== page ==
Justine Compton of the Garden Court Housing Team represented the client, instructed by Badar Jamil from Javed Nazir Solicitors.
S v LB Waltham Forest - Heard on 10 September 2020, handed down on 2 November 2020
HHJ Saunders at Central London County Court found the decision of LB Waltham Forest unlawful on a number of grounds.
Firstly, he held that the council was required to consider whether alternative accommodation closer to its borough was available at the date of review, applying Waltham Forest LBC v Saleh  PTSR 621. The Judge rejected the council’s argument that Saleh was no longer good law because it had been based on the former wording of paragraph 17.48 of the Code of Guidance. The change in wording was found not to relieve a local authority of considering whether suitable accommodation which was nearer had become available at the date of review.
HHJ Saunders said this:
“... In my view Saleh is quite clear – and it is not affected by the change in the Homelessness Code of Guidance. The wording of the Code was not material to the reasoning in the decision in Saleh. I refer to the leading judgment of Patten LJ in the Court of Appeal and, specifically, paragraphs 32, 33 and his conclusions at 39.
The crucial requirement of the local authority is to consider the accommodation at the date of the review, and they fell into error in not doing so – irrespective of the change in the Homelessness Code of Guidance.”
This is an important finding as two conflicting decisions on this point had been put before the judge (the judgments were of two circuit judges sitting in Central London County Court), HHJ Saunders’ reasons were in line with those of HHJ Roberts in Abdi v LB Waltham Forest (2.7.2020). Whilst not binding, 2 decisions holding that Saleh remains good law is certainly persuasive.
Secondly, the court held that the local authority decision was unlawful because:
(a) The review officer failed to explain how S’s extensive support needs would be met given S’s significant disability and that he was wholly dependent on his wife who was not able to meet those needs.
(b) The Review decision concluded that the S’s network of friends and family can continue irrespective of his move to Wolverhampton. The Decision fails to appreciate that he requires assistance for his disability on a day- to-day basis. It would be impossible for any family or friends to maintain that level of support at such a distance. This is a more than 3 – hour trip by train, family members and friends only coming occasionally and the cost would be prohibitive.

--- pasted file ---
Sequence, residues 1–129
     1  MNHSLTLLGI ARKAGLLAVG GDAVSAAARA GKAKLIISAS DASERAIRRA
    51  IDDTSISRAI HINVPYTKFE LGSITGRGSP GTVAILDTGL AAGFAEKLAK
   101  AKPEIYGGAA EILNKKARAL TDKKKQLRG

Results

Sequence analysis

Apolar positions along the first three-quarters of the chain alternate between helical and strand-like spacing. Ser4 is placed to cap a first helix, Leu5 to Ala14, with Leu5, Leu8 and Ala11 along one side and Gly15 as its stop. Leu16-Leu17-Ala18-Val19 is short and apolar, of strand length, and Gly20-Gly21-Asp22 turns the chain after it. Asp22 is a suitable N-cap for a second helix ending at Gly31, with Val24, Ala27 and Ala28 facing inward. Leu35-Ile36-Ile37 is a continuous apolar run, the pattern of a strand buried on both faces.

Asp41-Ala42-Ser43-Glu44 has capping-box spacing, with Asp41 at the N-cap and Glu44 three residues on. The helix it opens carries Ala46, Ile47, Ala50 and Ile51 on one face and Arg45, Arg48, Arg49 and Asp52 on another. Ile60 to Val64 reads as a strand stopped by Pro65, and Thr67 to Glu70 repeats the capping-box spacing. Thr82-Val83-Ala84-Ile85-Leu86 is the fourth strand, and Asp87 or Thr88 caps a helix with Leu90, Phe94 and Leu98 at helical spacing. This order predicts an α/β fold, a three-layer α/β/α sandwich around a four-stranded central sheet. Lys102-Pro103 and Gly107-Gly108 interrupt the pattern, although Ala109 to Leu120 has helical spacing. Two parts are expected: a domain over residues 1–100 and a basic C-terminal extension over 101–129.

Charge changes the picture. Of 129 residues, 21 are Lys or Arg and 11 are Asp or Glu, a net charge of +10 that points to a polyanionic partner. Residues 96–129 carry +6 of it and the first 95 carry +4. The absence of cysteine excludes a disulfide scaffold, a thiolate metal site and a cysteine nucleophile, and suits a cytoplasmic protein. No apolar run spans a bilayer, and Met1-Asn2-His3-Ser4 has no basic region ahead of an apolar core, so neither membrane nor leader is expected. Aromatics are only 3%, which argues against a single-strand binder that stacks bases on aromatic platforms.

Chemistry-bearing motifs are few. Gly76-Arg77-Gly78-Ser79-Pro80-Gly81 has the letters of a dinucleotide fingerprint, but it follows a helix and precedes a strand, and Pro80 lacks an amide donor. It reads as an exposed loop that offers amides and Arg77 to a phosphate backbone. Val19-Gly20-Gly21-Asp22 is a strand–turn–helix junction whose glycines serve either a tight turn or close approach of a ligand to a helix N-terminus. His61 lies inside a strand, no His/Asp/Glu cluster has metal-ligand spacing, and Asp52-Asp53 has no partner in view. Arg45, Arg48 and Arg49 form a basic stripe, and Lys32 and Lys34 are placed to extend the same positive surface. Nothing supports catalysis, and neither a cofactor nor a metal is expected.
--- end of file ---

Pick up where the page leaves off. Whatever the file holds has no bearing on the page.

(c) The review officer concludes that S should have adapted to his surroundings by the date of the review decision (6 months after he moved there). There are two errors of law in reaching this conclusion. Firstly, the review officer has no expertise in respect of the particular disability and the extent to which an affected person may be able to adapt to their new surroundings (particularly in the absence of a support network). Further, no advice was sought by the reviewing officer in this regard to assist her with reaching her review decision, such inquiries should have been made particularly as S’s condition represents a high level of disability.
Secondly, it was S’s evidence that he was having profound problems in carrying out day to day activities. The reviewing officer has no evidential basis to reject this evidence.
(d) The Reviewing Officer erred in rejecting the S’s evidence and reaching a conclusion about how a person affected by this condition can adapt without having made any inquiries into the issue. Any remaining doubt should have been resolved in the Appellant’s favour.
The judge concluded:
“My overall view, having considered the Reviewing Officer’s decision carefully, is that, whilst there has been some attempt to deal with the issues raised, there appears to have been a failure to properly appreciate and investigate the consequences of his ... significant disability.”